Nichelle Nickels, the actress who broke down barriers in television with her portrayal as Lt. NyotaUhura on Star Trek has died at the ripe old age of 89.
Kyle Johnson, her son, posted the news on Facebook. Nichols’ longtime manager Zachery McGinnis confirmed the death of the beloved Star Trek actress.
Of his mother’s passing, Johnson wrote, “Last night, my mother, Nichelle Nichols, succumbed to natural causes and passed away. Her light, however, like the ancient galaxies now being seen for the first time, will remain for us and future generations to enjoy, learn from, and draw inspiration. Hers was a life well lived and as such a model for us all,”Before asking the public to give their family privacy during this time.
Nichols reached a new level of stardom in 1960s Star Trek when she was cast as Nyota Uhura, the first Star Trek series. Uhura was one of the first Black women to be prominently featured on American television.
After being offered a Broadway role, Nichols thought about leaving Star Trek, but Dr. Martin Luther King Jr. convinced her to stay on The Enterprise. She realized she could be an inspiration to countless generations Black children and their families.
William Shatner eventually wrote her role of Uhura to make her a love interest for Captain James T. Kirk. In 1968 they shared a kiss on the show – marking the first time in American television history that an interracial kiss aired.
Shatner sent in a tweet on Sunday afternoon. “I am so sorry to hear about the passing of Nichelle. She was a beautiful woman & played an admirable character that did so much for redefining social issues both here in the US & throughout the world. I will certainly miss her. Sending my love and condolences to her family.”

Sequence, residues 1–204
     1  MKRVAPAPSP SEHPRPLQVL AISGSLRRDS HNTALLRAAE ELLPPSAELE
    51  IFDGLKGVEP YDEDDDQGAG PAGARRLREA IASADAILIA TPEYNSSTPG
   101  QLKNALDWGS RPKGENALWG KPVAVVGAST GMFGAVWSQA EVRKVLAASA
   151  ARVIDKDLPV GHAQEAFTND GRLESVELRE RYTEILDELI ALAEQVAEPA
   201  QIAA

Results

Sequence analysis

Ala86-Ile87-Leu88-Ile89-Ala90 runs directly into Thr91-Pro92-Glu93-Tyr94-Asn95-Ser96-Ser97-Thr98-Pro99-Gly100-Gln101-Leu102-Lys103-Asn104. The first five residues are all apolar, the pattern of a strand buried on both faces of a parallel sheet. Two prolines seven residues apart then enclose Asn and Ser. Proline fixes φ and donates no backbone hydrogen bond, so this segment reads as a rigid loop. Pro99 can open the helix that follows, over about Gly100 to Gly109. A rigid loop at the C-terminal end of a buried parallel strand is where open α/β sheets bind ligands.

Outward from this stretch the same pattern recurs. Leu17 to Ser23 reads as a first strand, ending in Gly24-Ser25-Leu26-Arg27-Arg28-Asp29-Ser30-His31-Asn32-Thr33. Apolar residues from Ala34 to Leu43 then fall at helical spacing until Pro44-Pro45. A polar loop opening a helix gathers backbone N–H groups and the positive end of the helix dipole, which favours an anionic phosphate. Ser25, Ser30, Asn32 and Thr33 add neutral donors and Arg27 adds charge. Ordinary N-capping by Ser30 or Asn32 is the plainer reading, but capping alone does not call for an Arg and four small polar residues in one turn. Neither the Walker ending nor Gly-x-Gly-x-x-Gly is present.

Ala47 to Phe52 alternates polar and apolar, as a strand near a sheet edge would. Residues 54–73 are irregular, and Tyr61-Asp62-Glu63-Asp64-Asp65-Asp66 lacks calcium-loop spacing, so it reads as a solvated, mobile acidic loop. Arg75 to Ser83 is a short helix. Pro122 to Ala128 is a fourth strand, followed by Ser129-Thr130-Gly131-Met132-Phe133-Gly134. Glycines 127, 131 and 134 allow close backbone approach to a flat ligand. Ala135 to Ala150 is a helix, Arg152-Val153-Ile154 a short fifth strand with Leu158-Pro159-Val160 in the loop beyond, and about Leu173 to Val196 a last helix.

Nichols played Uhura, the character that was lost in the original Star Trek series in 1969.
Former co-star George Takei posted on Twitter about the death of the legend. “I shall have more to say about the trailblazing, incomparable Nichelle Nichols, who shared the bridge with us as Lt. Uhura of the USS Enterprise, and who passed today at age 89. For today, my heart is heavy, my eyes shining like the stars you now rest among, my dearest friend.”
Nichols’ reach stretched beyond television, especially when she started working with NASA, helping to recruit women of color into the agency. This was possible through collaboration between Women in Motion and the governmental agency.
Nichols was also honoured by the agency, who sent a tweet. “We celebrate the life of Nichelle Nichols, Star Trek actor, trailblazer, and role model, who symbolized to so many what was possible. She partnered with us to recruit some of the first women and minority astronauts, and inspired generations to reach for the stars.”
Nichols took a tweet during a 2012 White House trip with then-President Barack Obama. “Months ago, [President] Obama was quoted as saying that he’d had a crush on me when he was younger. I asked about that and he proudly confirmed it! President Obama also confirmed for me that he was definitely a Trekker! How wonderful is that?!”
Grace Dell Nichols was born in Robbins (Illinois) on December 28, 1932 to factory worker Lishia Parks Nichols. She became chief magistrate and mayor of Robbins. At a young age she discovered the acting bug and got her big break in 1961’s musical Kicks and Co.
Her younger brother, Thomas, was part of the Heaven’s Gate cult and died in the group’s mass suicide in 1997. They believed that they would become aliens if they rejected their human nature and went to heaven. Thomas promoted their message often by referring to his sister.
Nichols suffered from a stroke in 2015. She was later diagnosed with dementia three years later. That diagnosis led to a nasty legal battle and conservatorship between her son and a friend of Nichols, Angelique Fawcett, who at one point lived in Nichols’ guest house.
Nichols was awarded many accolades, including an honorary college degree from Los Angeles Mission College. She was a member Alpha Kappa Alpha Sorority, Inc.